Rules are for cricket, Cricket is not for rules.
Recently, during the second ODI between South Africa and India , the ICC was at the receiving end as commentators and cricket pundits bruised aside it with some sharp criticism. Owing to implementing a rather bizarre rule wherein on-field umpires Aleem Dar, Adrian Holdstock and match referee Andy Pycroft decided to stop the play for a scheduled launch when India was just two runs short of their victory, fans were surprised. As were onlookers staring at the TV sets with India having to take the field again having to score 2 more runs in an easy stroll to victory.
This unfurled a box of questions. It was as if, someone had opened the Pandora’s box. What came out were reactions. Tons of them.
The decision prompted a plethora of criticism from all corner of cricketing fraternity. During the second ODI, India winning the toss elected to field first and bowled out the hosts for mere 118 in 32.2 overs. With 17.4 overs left to complete the 50 overs of first innings umpires asked India to commence the chase after 10 minutes of change over.
After opening pair Shikhar Dhawan and Rohit Sharma gave India a decent start India were on right track to complete the chase since captain Virat Kohli (46*) and Dhawan (51*) were looking in fluent touch.
In the 18th overs of the match, India were 117 for 1, with two needed to take a 2-0 lead in the six-match series. At this moment, on-field umpires Aleem Dar and Adrian Holdstock called for ‘launch’ as per ‘rigid’ ICC law.
What does this indicate? Are we being too stringent in our adherence to laws even if that comes at the cost of consuming needless bouts of time?
The absurd decision left everyone-cricketers, commentators and spectators at grass banks- stunned. You couldn’t believe what was transpiring. This was no Test cricket.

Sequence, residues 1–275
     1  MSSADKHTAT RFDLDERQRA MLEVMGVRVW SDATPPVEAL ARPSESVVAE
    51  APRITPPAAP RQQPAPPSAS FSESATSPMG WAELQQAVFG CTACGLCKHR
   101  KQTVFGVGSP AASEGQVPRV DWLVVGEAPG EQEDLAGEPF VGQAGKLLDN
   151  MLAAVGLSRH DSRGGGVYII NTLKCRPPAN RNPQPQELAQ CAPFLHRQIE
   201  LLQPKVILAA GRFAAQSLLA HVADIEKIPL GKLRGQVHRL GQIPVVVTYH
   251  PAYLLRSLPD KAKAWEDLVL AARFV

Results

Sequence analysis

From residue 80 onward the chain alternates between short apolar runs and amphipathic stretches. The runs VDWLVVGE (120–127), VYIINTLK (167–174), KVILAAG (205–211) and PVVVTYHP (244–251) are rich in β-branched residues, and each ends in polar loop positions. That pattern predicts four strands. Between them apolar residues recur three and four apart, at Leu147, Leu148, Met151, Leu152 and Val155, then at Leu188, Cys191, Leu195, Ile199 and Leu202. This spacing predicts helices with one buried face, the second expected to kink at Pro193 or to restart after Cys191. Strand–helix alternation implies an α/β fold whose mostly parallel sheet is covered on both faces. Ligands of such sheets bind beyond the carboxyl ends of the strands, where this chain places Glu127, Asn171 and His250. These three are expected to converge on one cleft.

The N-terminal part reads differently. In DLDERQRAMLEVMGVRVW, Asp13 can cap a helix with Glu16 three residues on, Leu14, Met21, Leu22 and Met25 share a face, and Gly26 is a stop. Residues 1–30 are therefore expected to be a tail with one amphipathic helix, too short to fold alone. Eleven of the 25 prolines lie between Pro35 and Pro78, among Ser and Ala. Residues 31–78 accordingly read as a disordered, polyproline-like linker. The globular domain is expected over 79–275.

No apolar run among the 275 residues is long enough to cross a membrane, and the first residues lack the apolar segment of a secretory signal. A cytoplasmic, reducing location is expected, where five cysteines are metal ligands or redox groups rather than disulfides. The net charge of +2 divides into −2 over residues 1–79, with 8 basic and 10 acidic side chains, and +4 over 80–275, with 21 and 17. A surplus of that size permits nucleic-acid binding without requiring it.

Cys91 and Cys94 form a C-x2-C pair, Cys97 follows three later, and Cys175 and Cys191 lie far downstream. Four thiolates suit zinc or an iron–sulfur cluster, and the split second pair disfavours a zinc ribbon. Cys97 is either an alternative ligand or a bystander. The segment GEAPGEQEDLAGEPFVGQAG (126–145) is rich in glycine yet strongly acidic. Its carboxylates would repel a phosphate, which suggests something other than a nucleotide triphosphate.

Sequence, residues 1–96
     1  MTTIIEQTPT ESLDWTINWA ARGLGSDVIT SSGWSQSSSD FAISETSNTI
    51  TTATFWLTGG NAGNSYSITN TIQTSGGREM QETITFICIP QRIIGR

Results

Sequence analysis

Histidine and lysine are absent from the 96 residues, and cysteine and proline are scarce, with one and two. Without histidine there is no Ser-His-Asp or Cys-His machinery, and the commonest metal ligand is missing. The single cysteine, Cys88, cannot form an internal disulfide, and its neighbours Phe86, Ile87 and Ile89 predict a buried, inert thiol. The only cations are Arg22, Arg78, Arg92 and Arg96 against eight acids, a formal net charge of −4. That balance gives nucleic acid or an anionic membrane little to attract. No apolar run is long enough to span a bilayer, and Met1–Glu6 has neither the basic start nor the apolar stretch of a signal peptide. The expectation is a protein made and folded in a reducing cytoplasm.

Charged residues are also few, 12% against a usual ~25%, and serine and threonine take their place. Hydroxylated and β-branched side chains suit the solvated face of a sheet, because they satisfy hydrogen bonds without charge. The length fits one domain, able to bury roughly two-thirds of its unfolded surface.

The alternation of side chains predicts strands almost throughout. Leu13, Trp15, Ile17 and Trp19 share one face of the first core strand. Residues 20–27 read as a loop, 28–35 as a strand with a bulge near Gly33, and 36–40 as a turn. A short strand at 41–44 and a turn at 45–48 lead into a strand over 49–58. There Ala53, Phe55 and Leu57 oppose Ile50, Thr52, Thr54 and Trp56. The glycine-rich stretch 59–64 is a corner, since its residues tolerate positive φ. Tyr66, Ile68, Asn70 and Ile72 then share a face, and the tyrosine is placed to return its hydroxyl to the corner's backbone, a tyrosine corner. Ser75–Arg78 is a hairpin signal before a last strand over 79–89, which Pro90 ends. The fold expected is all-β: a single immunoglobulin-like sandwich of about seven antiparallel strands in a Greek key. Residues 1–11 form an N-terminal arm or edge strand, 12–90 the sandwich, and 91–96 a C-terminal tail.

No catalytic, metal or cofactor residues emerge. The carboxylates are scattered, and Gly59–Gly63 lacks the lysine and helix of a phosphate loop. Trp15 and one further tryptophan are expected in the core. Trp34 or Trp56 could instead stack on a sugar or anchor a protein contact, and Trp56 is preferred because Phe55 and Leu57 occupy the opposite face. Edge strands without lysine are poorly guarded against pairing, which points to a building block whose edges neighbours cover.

It makes little sense when the winning team requires just two runs. Why should everyone be on the tenterhooks for 40 odd minutes?
If anybody thinks that even after such a weird decision fans will wait to watch the final result of the match, it could be said, they are somewhere wrong. How often have we seen fans leave the ground? There are things to do: probably a friend to meet, some important task to attend to. We’re in an age where every penny saved is a penny earned.
That penny, invariably translates into being time.
If anyone has seen images of before the lunch and after the lunch images of the SuperSport Park, they’d know how bad the decision was.
You know things have gone a tad bit out of hand when an expert like Michael Holding terms it ‘ridiculous’. “They want to make the game attractive, but this was a ridiculous decision,” he said while commenting on the match.
After 40 minutes lunch break, the packed SuperSport sported a deserted look because only a few people were there to witness one of the lows of world cricket. Finally, India won the match with nine-wickets and 177 balls to spare. The visiting side took a 2-0 lead in the series but questions arose that whether a small tweak in the rule was good for the future of the game other than an absurd ending.
In the longest format of the game, umpires have the right to extend time if the situation warrants. But one wonders, was it applicable here?
This calls for some serious assessment.
The governing body of the game might have forgotten fans have paid to watch the game. Cricket is an abiding force; a nuanced tool of entertainment. You are compelled to think, this isn’t the finest means of advertisement for ODIs, which is one of ICC’s major buck spinners.
Isn’t it better to be flexible than sticking to ‘rigid’ law as the rules are for cricket, cricket is not for rules?